Much consideration has been given in the last century to the Scuola Siciliana, or the Sicilian School, the first coterie of poets in an already developed but still emergent Italian vernacular, and this in spite of an almost complete lack of autograph copies of poetic works in the original language. A great deal of this scholarship or research has a taxonomic and theoretical approach to the works, their composition, and the atmosphere that fostered them, and oftentimes attempts to position the Sicilian School within the historiography of Italian literature (particularly as progenitors to the Tuscan poets and thus Dante, Petrarch, and Boccaccio), and even European literature as a whole (as a part of the threaded continuum that includes the French Troubadour tradition, German history, and early modern Italian poetry.) Moreover, this scholarship frequently ignores the most pertinent facet of the Sicilian School’s contribution to early modernity: silent reading, or perusing language for contemplative purposes and genre development (notably the sonnet.)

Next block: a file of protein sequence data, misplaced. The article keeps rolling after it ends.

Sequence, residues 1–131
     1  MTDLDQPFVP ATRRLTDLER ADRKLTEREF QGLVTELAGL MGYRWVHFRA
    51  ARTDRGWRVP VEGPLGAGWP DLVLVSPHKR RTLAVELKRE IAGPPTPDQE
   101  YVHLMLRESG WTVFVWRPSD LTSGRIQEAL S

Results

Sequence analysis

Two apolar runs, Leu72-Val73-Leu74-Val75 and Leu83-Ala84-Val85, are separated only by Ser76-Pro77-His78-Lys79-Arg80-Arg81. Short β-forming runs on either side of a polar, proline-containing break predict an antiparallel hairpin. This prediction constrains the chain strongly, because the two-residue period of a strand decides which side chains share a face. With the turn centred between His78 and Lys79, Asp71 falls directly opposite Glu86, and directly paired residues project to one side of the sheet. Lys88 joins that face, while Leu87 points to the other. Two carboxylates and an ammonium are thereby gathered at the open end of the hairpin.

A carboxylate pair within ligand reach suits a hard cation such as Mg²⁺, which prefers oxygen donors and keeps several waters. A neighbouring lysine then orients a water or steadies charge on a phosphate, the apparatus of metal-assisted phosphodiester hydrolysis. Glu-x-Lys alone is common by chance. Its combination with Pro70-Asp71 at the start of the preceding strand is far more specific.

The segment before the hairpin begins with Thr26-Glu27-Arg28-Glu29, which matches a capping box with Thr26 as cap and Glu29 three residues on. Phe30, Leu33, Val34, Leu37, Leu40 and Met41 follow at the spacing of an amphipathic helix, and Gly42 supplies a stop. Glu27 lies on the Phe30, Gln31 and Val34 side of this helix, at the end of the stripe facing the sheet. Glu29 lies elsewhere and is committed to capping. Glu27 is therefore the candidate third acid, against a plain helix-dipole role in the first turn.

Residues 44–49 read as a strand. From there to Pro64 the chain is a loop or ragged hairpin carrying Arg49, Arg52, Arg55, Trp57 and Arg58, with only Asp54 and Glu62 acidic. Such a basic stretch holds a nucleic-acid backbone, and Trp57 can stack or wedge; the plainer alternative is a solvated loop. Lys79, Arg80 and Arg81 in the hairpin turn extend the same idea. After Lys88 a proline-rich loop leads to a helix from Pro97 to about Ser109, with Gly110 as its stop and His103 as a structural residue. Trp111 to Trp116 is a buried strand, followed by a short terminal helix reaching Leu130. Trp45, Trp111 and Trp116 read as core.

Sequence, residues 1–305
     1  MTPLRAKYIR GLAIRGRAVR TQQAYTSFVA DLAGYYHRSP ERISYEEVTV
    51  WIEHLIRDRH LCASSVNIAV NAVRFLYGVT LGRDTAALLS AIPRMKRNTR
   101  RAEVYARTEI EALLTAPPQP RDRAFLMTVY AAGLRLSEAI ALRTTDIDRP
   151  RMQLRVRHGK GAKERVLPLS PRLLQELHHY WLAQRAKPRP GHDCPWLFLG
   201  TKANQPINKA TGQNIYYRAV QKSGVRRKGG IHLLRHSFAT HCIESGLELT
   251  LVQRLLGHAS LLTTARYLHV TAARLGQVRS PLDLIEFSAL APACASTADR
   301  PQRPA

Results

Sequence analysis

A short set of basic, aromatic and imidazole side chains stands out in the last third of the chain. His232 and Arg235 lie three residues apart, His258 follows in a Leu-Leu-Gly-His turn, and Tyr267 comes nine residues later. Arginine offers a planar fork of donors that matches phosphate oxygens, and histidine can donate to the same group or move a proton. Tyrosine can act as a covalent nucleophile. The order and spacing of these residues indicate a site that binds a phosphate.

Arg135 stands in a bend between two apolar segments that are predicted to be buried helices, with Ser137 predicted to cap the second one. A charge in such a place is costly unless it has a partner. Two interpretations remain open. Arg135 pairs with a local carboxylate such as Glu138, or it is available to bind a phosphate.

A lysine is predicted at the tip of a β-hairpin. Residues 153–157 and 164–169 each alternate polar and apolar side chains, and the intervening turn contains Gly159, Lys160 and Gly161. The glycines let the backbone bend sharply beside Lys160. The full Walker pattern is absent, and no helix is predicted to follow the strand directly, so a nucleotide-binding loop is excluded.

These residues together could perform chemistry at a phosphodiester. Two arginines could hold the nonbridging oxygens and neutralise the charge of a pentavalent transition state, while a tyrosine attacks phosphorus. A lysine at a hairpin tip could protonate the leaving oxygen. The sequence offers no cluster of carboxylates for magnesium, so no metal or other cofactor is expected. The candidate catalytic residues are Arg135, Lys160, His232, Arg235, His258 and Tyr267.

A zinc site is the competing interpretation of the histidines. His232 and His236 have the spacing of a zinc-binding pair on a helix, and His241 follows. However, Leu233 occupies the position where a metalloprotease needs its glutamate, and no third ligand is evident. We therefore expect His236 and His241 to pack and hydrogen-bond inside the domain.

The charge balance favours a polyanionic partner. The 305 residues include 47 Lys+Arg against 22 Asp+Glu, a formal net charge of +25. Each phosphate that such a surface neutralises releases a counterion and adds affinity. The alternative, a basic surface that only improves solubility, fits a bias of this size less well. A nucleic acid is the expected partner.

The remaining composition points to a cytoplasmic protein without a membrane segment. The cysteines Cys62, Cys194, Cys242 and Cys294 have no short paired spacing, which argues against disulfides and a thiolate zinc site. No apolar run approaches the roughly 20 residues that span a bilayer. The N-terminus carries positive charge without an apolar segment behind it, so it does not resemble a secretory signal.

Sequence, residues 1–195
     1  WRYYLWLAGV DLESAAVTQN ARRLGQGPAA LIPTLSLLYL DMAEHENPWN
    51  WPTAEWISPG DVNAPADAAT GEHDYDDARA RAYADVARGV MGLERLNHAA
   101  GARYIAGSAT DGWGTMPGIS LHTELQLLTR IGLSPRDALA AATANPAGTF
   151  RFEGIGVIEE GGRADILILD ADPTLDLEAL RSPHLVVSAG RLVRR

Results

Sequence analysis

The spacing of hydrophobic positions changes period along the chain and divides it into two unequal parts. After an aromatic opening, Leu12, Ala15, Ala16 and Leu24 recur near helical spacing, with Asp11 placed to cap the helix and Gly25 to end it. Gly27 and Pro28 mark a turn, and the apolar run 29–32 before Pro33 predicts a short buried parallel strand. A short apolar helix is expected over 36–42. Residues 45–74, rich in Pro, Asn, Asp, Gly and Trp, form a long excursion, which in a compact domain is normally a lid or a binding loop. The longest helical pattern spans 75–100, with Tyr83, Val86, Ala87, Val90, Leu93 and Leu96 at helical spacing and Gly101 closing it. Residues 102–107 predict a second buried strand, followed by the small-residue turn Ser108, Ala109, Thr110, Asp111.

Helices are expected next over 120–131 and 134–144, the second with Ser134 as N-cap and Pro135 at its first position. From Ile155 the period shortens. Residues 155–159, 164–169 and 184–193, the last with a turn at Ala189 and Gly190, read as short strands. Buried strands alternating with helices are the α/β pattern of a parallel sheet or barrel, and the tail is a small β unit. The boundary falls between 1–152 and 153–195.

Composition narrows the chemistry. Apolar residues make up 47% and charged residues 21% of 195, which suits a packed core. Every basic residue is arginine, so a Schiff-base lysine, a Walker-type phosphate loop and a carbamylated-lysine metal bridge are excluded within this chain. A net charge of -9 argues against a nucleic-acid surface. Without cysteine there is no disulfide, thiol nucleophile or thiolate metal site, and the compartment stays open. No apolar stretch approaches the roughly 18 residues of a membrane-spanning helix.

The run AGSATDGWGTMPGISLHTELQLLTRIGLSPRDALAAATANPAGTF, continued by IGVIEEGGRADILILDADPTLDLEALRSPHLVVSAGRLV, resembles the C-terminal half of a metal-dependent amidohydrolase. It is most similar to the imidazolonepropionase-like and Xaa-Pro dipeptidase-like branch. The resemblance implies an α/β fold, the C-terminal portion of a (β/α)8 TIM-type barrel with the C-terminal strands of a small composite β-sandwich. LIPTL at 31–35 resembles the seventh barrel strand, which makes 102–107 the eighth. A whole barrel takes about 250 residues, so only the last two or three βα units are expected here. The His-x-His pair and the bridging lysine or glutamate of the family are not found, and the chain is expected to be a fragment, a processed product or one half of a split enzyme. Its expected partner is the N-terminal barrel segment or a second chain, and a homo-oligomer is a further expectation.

"Vulgar Love: The Sicilian School and the New Aesthetic,"
Vernacular: New Connections in Language, Literature, & Culture: Vol. 5
, Article 3.
Available at: https://trace.tennessee.edu/vernacular/vol5/iss1/3